By Vincent WarrenBlack men are not dying at the hands of (mostly) white cops–nor are those cops being excused from legal responsibility–because of mutual distrust between black and brown people and law enforcement agencies. To suggest so simply, and perhaps deliberately, mistakes the symptom for the disease.

Trust, or lack thereof, is based on lived experience, and it is the actions of law enforcement in communities of color that has eroded black and brown Americans’ trust. To present the situation as mutual distrust not only obscures the specific causes of that distrust–it intimates that everyone is equally responsible for the problem. The call for “conversation” as the solution then reinforces this idea that the legitimate problems with law enforcement vocalized by minority communities are really all just one big misunderstanding.

Our political leaders should not begin to offer solutions for a problem if they won’t even name it: systemic, institutional racism exists in police forces throughout our country.

“Power concedes nothing without a demand,” Frederick Douglass famously said. “Those who profess to favor freedom, and yet depreciate agitation, are men who want crops without plowing up the ground.”

From the prosecutor and the grand juries in Ferguson and Staten Island to the halls of Congress–where reform ideas like the End Racial Profiling Act or the Stop Militarizing Law Enforcement Act have hit a dead end–and a thousand places in between, our government institutions have been largely unresponsive to demands for real structural reform. Much like the pro-democracy protests in Hong Kong, grassroots protests in Missouri and New York and across the country–including the hundreds of actions of civil disobedience, bridge and highway shutdowns, and walkouts–are the engines of change, and communities and grassroots organizers are the ones providing the concrete solutions to the problem.
We Don’t Need Nice, We Need Justice: Racism and the Moral Blindness of White America

By Tim WiseNice is the enemy of justice because to raise one’s voice against oppression is to be instantly pegged as not nice, as disruptive, as unruly, as dangerous. To block traffic, or interfere with the all-important Christmas tree lighting in Rockefeller Center is not nice. To interrupt the symphony orchestra in St. Louis, or the drunken revelry of nice white baseball fans at a Cardinals game is not nice. To signify sympathy for a murdered young man in Ferguson, with even a gesture as simple as raising one’s hands as you come out of the tunnel before the football game is not nice. It is, to some—who would rather just watch black men entertain them with a few nice interceptions—worthy of punishment, or professional discipline. How dare they, say the nice white people who paid good money to see black men play gladiator for the glory of the hometown team.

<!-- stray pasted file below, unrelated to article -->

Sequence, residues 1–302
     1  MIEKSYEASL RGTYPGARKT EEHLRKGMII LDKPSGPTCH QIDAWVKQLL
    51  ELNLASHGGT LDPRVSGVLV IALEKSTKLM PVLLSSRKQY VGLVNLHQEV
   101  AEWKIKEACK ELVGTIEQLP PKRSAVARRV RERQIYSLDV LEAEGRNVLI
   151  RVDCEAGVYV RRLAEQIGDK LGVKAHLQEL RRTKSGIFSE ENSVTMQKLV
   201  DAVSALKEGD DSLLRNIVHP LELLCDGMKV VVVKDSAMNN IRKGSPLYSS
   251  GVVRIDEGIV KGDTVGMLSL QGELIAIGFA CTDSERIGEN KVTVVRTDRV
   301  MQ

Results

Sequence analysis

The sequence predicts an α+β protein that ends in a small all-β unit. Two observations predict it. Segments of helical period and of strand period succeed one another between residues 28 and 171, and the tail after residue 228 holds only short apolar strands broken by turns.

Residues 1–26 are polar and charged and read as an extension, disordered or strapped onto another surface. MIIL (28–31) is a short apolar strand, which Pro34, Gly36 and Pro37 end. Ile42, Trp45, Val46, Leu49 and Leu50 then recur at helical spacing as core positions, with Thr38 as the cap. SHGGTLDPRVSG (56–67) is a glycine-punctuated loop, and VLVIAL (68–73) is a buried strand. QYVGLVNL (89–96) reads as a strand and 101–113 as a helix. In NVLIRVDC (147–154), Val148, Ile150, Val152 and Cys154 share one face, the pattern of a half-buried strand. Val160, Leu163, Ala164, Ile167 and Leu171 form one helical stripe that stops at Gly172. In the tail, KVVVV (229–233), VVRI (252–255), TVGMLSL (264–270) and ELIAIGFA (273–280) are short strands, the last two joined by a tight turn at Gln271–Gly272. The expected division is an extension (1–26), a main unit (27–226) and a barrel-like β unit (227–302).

Nice people change nothing. They never have and they never will. Those who are nice are so invested in their niceness, in their sense of propriety and civility that they rarely raise their voices above a whisper, even in the face of sweltering oppression. Nice white people were the ones who didn’t own black folks during the period of enslavement but also didn’t raise their voices against the ones who did. Nice white people are the ones who didn’t spit on sit-in demonstrators but also had no problem spending money with businesses that had remained segregated all those years.

To be nice is to have an emotional stake in the prevention of one’s own pain. Nice people don’t like to look at the ugly. It’s upsetting, and most of all because it puts us on the hook and calls forth our humanity to actually put an end to that pain. Precisely because most people are good and decent and nice, they turn away from any evidence that the world, and their society is less decent than the sum total of its citizenry. It’s too much to take in. This is the irony of niceness: unlike persons with antisocial personalities or severe sociopathy who quite enjoy pain and suffering and often seek to cause it, those who are nice are so wrapped up in rainbows and lollipops as to make gazing upon the truth a bridge too far.

Nice people do not protest, angry people do; and right now, I’d trade every nice white person about whom Chris Rock was speaking for 100,000 angry ones. But not those who are angry at black folks or brown immigrants or taxes—we have more than enough of them. I mean 100,000 who are angry enough at a system of racial injustice to throw ourselves upon the gears of the machine, as Mario Savio once insisted. A hundred thousand angry enough to join with our brothers and sisters of color and say enough. A hundred thousand who are tired of silence, tired of collaboration, tired of nice, and ready for justice.
Comment:  For more on Ferguson, see Grand Juries Won't Indict Killer Cops and Police Prejudiced Against Blacks.